Post: If you want to keep that significant other for much longer, you have to put the phone away. Focus on the person you're with. If I were with my significant other, and they were on a date with me while using their phone to play a game with someone else, I'd say "goodnight" . . .  Then again, last night I was sitting on the couch watching a show, and my wife was sitting next to me reading her Kindle. But she didn't really care about the show, and I wanted to watch it, so I think it's fine to be in the same room doing two different things. At least she was sitting with me, which was nice.

Howard: No.

You’re arguing with a friend. She tells you that Maya Rudolph is married to David O. Russell. You’re sure she’s hitched to Paul Thomas Anderson. Should you pull out the smartphone to settle this once and for all?

Heaney: Sure. Instant answers to trivia debates are probably one of the main perks of smartphones. I’ll probably be annoyed about it if I end up being wrong, though. 

Abrahams: Yes! That is an excellent and very appropriate use of a smartphone.

Yoffe: Yes—that's a good social use of the smartphone.

Post: I do it all the time. It's a great way to settle the situation. Sometimes I'm right, sometimes I'm wrong, but Google is wonderful.

Howard: Yes, this happens all the time, and actually is a great resource that was previously unavailable. Also, this is a group activity, if you will, having to do with a conversation in which, presumably, everyone present is involved.

Your smartphone keypad navigation produces emails marked with erratic capitalization and, on occasion, inscrutable auto-correct. Is a standard “typos by iPhone” signature enough to excuse the slights?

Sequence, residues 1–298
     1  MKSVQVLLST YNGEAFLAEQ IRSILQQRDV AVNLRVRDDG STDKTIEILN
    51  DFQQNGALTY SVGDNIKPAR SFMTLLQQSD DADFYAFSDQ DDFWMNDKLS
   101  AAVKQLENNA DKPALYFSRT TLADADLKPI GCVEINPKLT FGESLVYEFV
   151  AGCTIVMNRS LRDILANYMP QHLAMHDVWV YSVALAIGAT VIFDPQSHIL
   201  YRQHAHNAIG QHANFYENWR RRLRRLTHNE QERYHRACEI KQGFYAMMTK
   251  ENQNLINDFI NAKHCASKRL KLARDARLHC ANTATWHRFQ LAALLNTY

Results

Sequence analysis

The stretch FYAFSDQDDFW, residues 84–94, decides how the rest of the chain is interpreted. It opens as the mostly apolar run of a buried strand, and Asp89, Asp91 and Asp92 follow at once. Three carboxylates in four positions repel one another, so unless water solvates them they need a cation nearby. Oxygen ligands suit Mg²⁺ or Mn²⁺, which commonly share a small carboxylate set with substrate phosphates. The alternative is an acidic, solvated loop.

Heaney: Not if it’s being used for work emails, but otherwise I think it’s kind of funny. One time I got a text from a friend that said, “Pierre, are you at eat hacks?” She was trying to ask if I was at this bar called Fat Jack’s. Autocorrect can be a wonderful thing. 

Abrahams:  For informal situations, yes. When communicating with a client, boss, or similar Person Who Must Be Impressed, take the time to correct a text before you send it. 

Yoffe: Yes.

Post: I think it shows a certain lack of awareness if you're not watching what you're writing. Now that we have these tools, we tend to use them at the speed they allow us to, and that can be a real problem. Take a little more time to quickly scan what you're saying.

Howard: Yes, and in fact I, and many people, put a message on the bottom which is a little more original than “Sent from my Blackberry.”

Your smartphone has enabled you to display hundreds photos of your children, pets, and honeymoons to anyone who will listen. Under what circumstances may you employ this power?